© Springer Science + Business Media, LLC 2010
Published: 3 August 2010
Welcome to this Special Issue of Evolution: Education and Outreach devoted to human evolution, under the able Guest Editorship of Dr. Will Harcourt-Smith. We are exceptionally proud of this issue, as it melds state-of-the-art scientific analysis of human evolution with lucid writing, thus bringing our entire readership closer to what we feel is the single most important issue in evolutionary biology: the explanation of who we ourselves—our species Homo sapiens—are and where we came from.
It was Charles Darwin, building on the work of a few bold predecessors, who first persuaded the thinking world to take seriously the possibility that life had evolved through natural processes. And though he only dared suggest, at the very end of On the Origin of Species, that “light will be thrown on the origin of man and his history,” his earlier notebooks make it clear that Darwin had thought all along that humans had evolved together with the rest of the world’s living species, from the moment he became convinced of the fact of “transmutation” back in the 1830s. Yet his diffident comment about human evolution in the Origin reveals his certain knowledge that many of his contemporaries were sure to be offended by the suggestion that we humans share a common ancestry with other Primates—and, going back further, with every form of life that has lived on Earth over the past 3.5+ billion years.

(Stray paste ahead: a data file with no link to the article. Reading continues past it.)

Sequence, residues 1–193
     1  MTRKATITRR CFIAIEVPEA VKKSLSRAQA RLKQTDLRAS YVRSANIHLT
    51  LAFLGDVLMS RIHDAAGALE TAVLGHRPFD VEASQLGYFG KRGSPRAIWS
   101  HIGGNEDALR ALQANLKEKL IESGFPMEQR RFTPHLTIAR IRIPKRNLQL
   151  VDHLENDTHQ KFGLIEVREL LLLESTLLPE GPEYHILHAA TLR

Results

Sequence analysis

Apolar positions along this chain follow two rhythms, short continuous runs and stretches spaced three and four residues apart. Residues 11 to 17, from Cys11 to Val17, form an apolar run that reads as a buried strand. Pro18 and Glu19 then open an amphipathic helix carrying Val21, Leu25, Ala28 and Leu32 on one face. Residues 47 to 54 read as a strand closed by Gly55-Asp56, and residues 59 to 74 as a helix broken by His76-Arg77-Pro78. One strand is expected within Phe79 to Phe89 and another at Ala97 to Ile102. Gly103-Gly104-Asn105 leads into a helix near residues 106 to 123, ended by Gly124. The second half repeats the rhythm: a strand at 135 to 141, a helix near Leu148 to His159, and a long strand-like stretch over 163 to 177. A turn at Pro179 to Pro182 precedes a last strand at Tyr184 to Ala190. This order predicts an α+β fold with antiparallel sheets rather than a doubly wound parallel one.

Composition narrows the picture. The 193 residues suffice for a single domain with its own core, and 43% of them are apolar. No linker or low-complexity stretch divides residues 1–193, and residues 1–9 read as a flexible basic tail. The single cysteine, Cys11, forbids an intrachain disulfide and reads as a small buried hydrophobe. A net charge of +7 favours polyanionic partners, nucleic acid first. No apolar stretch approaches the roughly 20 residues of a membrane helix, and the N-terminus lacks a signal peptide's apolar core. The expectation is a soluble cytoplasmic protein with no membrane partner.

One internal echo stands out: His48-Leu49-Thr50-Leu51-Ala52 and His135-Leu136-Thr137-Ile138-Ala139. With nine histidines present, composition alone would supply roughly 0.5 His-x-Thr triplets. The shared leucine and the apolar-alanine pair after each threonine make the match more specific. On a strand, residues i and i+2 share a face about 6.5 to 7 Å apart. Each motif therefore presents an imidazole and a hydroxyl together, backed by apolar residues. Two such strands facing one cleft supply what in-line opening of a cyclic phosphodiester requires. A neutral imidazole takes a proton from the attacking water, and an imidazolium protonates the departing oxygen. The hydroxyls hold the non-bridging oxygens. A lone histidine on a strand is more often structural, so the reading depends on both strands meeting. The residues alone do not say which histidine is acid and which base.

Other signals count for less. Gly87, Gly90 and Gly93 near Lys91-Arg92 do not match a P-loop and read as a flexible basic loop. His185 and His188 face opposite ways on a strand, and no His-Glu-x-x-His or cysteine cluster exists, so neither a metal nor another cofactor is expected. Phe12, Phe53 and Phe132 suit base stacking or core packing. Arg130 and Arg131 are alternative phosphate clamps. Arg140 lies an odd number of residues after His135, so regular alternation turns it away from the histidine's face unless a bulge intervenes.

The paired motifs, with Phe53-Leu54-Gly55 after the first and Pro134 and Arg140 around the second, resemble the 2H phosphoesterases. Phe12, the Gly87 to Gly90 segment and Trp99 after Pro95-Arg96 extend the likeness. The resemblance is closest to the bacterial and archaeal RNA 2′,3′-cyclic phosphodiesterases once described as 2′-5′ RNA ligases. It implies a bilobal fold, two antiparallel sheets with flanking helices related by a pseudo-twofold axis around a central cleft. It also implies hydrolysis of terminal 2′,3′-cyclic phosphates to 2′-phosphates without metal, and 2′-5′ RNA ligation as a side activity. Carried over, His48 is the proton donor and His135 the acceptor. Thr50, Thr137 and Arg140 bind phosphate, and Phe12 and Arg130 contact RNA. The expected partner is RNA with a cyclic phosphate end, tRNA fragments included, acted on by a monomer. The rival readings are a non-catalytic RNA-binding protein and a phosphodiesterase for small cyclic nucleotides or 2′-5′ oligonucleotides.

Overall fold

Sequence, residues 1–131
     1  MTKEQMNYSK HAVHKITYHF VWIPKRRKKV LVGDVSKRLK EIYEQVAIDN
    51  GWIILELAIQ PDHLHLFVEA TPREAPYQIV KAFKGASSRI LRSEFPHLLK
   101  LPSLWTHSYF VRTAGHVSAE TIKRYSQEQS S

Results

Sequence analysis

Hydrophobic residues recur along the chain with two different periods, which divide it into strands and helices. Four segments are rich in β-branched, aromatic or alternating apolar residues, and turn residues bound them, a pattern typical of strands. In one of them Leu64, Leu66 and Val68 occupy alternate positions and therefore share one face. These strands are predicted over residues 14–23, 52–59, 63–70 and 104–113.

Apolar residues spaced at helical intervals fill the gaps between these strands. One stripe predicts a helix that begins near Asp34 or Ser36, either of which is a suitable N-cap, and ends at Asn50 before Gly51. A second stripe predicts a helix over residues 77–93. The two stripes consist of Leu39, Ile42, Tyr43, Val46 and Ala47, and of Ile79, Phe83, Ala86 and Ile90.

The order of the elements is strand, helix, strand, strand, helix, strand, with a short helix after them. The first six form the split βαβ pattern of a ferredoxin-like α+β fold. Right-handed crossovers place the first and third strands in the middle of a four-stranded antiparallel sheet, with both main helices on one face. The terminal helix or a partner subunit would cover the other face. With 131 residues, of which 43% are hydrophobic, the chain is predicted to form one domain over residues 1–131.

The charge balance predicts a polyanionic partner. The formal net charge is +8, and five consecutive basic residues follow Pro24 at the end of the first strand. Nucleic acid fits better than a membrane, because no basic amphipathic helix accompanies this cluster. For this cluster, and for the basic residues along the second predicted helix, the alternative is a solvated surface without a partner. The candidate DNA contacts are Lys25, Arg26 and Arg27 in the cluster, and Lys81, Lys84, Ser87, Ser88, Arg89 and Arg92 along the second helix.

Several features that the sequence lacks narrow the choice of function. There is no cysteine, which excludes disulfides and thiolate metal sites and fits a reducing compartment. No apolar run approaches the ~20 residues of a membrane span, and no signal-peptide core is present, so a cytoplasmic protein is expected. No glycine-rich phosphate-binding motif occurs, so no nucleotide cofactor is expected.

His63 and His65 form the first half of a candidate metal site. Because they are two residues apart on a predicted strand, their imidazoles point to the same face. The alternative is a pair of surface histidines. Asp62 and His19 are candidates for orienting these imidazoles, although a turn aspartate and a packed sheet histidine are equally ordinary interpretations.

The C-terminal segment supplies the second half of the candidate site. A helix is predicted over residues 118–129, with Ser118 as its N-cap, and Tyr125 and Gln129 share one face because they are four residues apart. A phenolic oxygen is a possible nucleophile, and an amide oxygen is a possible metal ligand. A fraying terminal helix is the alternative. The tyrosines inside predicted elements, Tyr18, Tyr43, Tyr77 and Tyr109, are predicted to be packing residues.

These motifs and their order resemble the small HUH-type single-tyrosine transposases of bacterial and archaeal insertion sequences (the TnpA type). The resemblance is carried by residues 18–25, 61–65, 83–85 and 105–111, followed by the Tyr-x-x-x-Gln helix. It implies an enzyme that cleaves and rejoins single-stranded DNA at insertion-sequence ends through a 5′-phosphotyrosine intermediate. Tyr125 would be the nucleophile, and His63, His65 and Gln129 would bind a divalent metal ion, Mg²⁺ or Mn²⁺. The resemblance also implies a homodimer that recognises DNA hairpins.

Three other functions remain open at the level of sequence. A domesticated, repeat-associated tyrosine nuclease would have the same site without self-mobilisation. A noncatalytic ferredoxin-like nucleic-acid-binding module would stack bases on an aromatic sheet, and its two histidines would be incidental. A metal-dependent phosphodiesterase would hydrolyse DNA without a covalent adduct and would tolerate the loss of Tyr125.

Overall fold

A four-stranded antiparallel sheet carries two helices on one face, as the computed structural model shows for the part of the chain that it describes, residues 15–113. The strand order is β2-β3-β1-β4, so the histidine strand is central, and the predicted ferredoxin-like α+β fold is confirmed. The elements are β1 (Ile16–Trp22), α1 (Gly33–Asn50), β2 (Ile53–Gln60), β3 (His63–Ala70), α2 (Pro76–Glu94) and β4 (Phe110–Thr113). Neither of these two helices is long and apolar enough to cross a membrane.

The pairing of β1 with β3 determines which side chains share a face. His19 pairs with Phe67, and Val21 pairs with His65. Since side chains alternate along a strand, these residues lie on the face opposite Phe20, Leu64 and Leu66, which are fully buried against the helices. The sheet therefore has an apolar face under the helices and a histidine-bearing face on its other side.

Today, the notion that humans have indeed evolved naturally still remains controversial among creationists—and the educational problems their opposition to teaching evolution have caused boils down, at its heart, to an insistence that human beings simply cannot have evolved along with the rest of the living world. The papers in this issue, in stark contrast, reveal the stunning amount of evidence—from fossils, comparative anatomy, and genetics—that make the overwhelming case for the evolution of humans right along with every other species on the planet.
But, as Darwin also remarked, there is a “grandeur” to this view of life. We feel this grandeur applies especially to the recognition that we ourselves are parts of the natural universe, as this issue makes so abundantly and beautifully clear. The story of human evolution is our candidate for the “greatest story ever told.”
We have many more special issues planned and in the works. All will be aiming to connect the educational world more closely to the realm of evolutionary science. Please keep submitting your articles (and ideas for Special Issues) that will contribute to this central mission of Evolution: Education and Outreach. It has been a joy for us to see the journal grow, mature, and fulfill its vital role of scientific outreach and education.